Delayed ligamentization following anterior cruciate ligament reconstruction (ACLR) may result in reduced graft stiffness and strength, and an increased risk of secondary re-tear. Remnant sparing ACLR may accelerate ligamentization and proprioceptive function, theoretically reducing re-injury risk. This study sought to investigate 10-year graft failure rates and patient perceived knee functioning in those undergoing ACLR with remnant preservation (RP), versus remnant debridement (RD).
A prospective RCT allocated 49 patients to ACLR with a hamstrings autograft together with a RD (n = 25) or RP (n = 24) procedure, of which 86% were clinically evaluated at 10 years (22 RD, 22 RP). A detailed chart review and patient phone consultation was undertaken with all patients at 10 years to evaluate the incidence (and timing) of subsequent re-tear and/or contralateral ACL tear, as well as other knee injuries/surgeries, the patient's ability to perform full work/sport duties and their perceived knee function using a numerical rating scale (NRS).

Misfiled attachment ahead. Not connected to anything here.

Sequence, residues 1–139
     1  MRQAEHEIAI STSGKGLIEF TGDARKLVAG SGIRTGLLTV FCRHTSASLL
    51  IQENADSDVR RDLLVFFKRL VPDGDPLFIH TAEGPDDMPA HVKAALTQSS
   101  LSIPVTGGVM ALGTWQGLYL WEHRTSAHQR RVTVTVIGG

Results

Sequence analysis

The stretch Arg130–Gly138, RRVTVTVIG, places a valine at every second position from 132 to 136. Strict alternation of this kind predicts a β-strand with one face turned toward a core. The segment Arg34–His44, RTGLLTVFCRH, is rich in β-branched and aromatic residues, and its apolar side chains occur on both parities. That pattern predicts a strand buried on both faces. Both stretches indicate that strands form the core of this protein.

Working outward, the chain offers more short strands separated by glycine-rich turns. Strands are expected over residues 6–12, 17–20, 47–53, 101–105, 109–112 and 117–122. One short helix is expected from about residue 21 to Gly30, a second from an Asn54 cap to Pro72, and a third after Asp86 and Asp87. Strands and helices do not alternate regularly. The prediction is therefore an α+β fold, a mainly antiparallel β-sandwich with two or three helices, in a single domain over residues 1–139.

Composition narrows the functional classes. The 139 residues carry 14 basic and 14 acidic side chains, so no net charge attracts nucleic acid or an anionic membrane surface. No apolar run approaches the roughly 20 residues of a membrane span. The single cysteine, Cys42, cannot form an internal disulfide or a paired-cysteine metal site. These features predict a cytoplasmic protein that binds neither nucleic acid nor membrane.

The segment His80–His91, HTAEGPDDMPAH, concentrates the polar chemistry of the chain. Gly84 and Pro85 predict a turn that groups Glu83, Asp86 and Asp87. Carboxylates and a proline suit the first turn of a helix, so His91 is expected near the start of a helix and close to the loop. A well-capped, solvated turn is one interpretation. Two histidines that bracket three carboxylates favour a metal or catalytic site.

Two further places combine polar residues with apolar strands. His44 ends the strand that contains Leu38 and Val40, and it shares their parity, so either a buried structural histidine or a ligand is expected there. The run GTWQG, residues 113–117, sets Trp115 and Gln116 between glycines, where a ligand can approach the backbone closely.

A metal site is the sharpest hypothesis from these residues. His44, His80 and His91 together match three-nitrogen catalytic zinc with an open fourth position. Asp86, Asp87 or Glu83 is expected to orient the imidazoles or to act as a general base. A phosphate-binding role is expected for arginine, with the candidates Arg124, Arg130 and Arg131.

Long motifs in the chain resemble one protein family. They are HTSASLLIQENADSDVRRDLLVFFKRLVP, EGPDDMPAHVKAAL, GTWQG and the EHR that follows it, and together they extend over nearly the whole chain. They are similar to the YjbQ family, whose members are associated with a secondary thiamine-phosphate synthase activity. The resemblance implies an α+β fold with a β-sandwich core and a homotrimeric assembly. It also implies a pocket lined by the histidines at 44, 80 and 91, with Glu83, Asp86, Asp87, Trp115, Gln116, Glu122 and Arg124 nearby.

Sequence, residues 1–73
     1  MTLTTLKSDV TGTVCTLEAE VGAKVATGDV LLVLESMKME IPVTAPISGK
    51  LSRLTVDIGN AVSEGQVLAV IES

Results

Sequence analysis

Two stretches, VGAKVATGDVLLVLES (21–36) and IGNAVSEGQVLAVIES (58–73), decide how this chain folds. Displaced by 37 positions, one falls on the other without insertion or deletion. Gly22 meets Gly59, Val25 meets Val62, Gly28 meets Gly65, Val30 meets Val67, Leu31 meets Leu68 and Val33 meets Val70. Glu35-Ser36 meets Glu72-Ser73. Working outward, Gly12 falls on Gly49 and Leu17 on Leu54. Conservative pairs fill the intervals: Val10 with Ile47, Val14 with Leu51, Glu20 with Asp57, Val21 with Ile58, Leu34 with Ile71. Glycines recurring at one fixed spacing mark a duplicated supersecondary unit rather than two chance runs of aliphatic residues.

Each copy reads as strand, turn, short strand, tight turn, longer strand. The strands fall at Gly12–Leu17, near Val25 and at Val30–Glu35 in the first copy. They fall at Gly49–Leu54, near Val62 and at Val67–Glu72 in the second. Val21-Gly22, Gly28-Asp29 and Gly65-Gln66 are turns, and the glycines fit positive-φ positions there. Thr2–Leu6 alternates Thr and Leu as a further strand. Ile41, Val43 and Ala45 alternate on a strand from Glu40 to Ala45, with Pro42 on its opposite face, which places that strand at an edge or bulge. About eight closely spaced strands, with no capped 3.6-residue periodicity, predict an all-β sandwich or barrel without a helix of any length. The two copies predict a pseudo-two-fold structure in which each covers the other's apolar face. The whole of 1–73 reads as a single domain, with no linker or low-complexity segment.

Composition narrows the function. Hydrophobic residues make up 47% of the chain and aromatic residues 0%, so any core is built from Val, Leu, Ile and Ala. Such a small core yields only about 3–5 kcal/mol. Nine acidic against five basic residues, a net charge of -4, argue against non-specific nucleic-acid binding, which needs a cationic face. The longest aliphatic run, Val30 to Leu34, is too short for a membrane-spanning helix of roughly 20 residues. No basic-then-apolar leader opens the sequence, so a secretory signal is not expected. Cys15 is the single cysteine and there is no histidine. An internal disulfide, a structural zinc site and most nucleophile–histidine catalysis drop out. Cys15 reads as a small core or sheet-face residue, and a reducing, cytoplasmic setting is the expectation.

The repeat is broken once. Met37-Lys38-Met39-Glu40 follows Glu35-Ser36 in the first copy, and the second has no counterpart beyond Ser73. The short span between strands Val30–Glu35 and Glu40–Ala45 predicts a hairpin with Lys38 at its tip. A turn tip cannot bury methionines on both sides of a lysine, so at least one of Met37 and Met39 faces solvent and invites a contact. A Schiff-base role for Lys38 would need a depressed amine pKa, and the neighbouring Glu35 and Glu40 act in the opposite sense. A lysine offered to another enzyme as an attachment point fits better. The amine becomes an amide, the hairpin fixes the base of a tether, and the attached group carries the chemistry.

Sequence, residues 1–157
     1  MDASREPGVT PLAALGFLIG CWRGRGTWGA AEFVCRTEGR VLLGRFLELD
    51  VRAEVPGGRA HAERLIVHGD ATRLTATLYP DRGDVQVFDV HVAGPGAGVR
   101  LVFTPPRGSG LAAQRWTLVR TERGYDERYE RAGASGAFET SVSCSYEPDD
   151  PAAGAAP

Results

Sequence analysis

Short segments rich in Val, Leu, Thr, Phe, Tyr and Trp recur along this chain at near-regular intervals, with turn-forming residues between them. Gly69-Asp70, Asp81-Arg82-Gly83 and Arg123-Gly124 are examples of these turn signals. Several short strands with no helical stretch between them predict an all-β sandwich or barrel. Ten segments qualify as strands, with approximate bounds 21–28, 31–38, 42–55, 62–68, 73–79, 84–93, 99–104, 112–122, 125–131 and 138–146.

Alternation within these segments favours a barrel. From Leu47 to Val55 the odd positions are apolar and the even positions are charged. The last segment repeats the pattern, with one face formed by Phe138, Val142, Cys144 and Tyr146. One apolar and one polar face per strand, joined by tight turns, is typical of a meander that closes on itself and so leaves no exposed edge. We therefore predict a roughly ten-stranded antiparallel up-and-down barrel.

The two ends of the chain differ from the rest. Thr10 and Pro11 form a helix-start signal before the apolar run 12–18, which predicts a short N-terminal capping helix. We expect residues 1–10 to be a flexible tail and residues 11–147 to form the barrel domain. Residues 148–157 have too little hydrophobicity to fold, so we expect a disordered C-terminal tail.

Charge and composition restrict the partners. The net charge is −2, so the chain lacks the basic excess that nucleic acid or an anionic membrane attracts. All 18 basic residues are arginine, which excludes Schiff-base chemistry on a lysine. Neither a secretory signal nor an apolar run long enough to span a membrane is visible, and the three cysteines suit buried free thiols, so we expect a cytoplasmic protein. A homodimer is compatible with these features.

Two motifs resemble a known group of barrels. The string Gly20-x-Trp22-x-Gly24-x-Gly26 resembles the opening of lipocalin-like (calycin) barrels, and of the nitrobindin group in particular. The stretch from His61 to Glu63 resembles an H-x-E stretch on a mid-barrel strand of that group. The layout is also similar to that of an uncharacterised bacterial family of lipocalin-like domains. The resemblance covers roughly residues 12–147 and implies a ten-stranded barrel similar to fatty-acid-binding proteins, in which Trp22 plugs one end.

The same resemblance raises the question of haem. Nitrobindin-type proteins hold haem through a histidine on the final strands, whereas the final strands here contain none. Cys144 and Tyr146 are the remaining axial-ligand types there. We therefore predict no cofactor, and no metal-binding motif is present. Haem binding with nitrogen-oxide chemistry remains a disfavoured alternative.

No significant differences existed between groups in descriptive variables. There were 2 graft ruptures (10.0%) in the RP group and 3 (13.6%) in the RD group, with an earlier mean time to graft failure in the RD group (RD 7.7 +/- 4.5 months, RP 49.5 +/- 17.7 months), albeit the size of this sub-sample was too small for statistical comparison. There was a significantly higher number of patients requiring ae 1 additional ipsilateral knee surgery in the RP group (RP = 10, RD = 4, p = 0.048). At 10 years, there were no significant group differences in the percentage of patients returning to unrestricted activity, with 16 (72.7%) and 15 (75.0%) patients in the RD and RP ACLR groups, respectively, unrestricted in work/sport duties. There were no significant group differences in the functional NRS ratings.
No long term clinical benefit of RP ACLR could be determined by this study with similar re-tear incidence and perceived knee function. A statistically higher number of re-operations were observed in RP ACLR patients and, while re-tears were observed later after RP versus RD ACLR, the study was underpowered to detect statistical significance.
Level II (prospective randomized controlled trial).